Learn computer programming and Web design: Choosing the best resources

Carli Spina

Once of interest mostly to computer scientists, computer programming and Web design topics have started to percolate into the general consciousness in recent years. This newfound popularity was first noticed by many when Codecademy launched its Code Year initiative on January 1, 2012, blowing past 100,000 registrants in 48 hours and even drawing the attention of New York City’s Mayor Michael Bloomberg.1 But, this site is just one example in the rapidly developing landscape of online computer programming resources.

Now, a plethora of tools exist for teaching oneself a wide range of programming languages and Web design skills. Whether you want to design a Web site, create a game, visualize data, or build a mobile app, there is a resource out there to help you. In fact, so many resources exist that it can be difficult to determine which tools are best suited to your goals.

The first step to picking the best resource for your purpose is to decide how you hope to use your new skills. To do so, it is important to understand the difference between programming languages and HTML/CSS. HTML and CSS define the structure and style of online documents. They are important tools for designing usable and engaging Web sites, but they are not programming languages because they do not allow you to express an algorithm or tell a computer how to complete a task.2

This article will highlight a variety of resources that will help beginners to get started learning a range of computer programming languages and, in many cases, Web design skills. Whether you are interested in suggesting resources for students who are taking a computer programming class at your institution, offering a guide for those who want to teach themselves these skills outside of the classroom, or simply wanting to advance your own skills for professional development purposes, this guide will offer resources tailored to these needs. Most of the resources mentioned here are free; those that require a subscription for full access to all aspects of the service will be noted.

Organization Web sites

Nonprofit organizations that are devoted to supporting those interested in learning programming skills or maintaining the languages themselves can be some of the best sources of information for those interested in learning to write code.

  • Code.org. This nonprofit organization is probably best known for the video it released showing famous figures, including Bill Gates and Mark Zuckerberg, talking about their experience learning to code and encouraging people to try computer programming. The organization also curates an impressive collection of resources and links for both teachers and others interested in getting started with computer programming and Web design. Resources are divided by topic and include tools to learn both programming languages and Web design skills. Access: http://code.org/.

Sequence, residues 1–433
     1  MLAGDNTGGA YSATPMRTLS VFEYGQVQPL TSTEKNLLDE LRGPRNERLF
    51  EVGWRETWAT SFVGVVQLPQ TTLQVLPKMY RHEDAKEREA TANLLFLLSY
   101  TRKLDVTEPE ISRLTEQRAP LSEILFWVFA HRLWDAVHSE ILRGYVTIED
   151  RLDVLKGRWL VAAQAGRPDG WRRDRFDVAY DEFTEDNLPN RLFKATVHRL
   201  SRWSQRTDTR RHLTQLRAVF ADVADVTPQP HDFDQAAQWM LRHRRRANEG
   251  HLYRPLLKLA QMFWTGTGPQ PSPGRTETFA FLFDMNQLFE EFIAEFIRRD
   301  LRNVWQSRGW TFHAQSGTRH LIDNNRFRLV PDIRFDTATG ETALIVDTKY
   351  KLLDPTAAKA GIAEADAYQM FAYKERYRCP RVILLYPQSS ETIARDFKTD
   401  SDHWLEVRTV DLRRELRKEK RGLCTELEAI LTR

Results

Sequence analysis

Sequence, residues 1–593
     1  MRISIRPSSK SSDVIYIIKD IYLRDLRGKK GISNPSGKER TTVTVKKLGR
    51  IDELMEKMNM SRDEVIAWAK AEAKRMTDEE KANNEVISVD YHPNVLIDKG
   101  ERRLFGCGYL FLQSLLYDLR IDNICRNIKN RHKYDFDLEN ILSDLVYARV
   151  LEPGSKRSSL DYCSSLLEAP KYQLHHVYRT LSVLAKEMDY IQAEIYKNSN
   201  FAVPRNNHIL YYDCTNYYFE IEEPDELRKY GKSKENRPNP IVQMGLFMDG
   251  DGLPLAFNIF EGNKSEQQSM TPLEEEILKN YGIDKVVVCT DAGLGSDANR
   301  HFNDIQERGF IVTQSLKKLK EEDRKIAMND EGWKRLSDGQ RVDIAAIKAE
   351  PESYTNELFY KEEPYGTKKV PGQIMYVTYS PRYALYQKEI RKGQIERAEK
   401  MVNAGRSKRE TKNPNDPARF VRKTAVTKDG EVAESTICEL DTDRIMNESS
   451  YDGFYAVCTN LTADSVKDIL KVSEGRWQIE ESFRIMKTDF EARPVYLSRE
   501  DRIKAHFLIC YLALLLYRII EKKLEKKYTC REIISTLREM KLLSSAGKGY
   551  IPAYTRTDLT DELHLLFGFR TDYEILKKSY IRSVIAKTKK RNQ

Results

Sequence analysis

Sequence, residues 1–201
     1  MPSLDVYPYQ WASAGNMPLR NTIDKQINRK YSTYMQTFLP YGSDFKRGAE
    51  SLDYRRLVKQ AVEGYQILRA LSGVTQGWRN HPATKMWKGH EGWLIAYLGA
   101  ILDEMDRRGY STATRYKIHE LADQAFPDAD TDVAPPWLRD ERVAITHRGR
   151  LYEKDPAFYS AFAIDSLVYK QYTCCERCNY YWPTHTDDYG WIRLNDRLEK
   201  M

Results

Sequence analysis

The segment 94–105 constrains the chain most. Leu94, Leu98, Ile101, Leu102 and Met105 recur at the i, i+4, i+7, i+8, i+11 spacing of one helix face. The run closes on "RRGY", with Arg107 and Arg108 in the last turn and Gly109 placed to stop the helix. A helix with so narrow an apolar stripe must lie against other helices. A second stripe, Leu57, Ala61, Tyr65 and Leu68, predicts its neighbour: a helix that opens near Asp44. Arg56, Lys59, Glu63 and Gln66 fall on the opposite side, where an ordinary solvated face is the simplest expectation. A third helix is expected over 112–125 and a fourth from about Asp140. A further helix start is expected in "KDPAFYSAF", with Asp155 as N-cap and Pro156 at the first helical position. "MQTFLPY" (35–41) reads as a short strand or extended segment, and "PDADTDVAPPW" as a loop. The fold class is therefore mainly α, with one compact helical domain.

• Mozilla Developer Network. This site is a wiki designed to allow anyone to access and contribute to the ever-growing collection of documentation, tutorials, and other educational materials for the programming language JavaScript, as well as HTML and CSS. For those who are just getting started with JavaScript or HTML/CSS, the site offers a good combination of introductory materials and links to tutorials. It is a good site for users at various levels of proficiency, and especially those who are interested in getting involved with the Mozilla Developer Network community. Access: https://developer.mozilla.org/en-US/.
  • Python. The official site of the Python programming language is the best source for information about choosing the optimal version of Python for your needs, as well as how to install it in Windows, Mac, or other environments. It also offers access to the full documentation that is available for Python and additional introductory materials for those who want to move beyond the basics. In addition to these technical materials, the site is also a great source for connecting with the Python community by joining a mailing list, contributing to the wiki, or finding a local user group. Access: http://www.python.org/.
  • Ruby. Much as with Python, the Ruby community has a Web site that offers access to the official documentation for the language, installation information, third-party libraries, and tutorials. This site also offers many ways to interact with and participate in the Ruby community through links to the Ruby IRC Channel, local user groups, blogs, e-mail lists, and information on conferences for those who want to meet in person with other Ruby users. Newbies will particularly appreciate the fact that the site links to several tutorials for beginners on each page, including one that helps those who are experienced in other programming languages to make the transition to Ruby more easily. As of the time of writing, the content had been translated into 15 different languages. Access: https://www.ruby-lang.org/en/.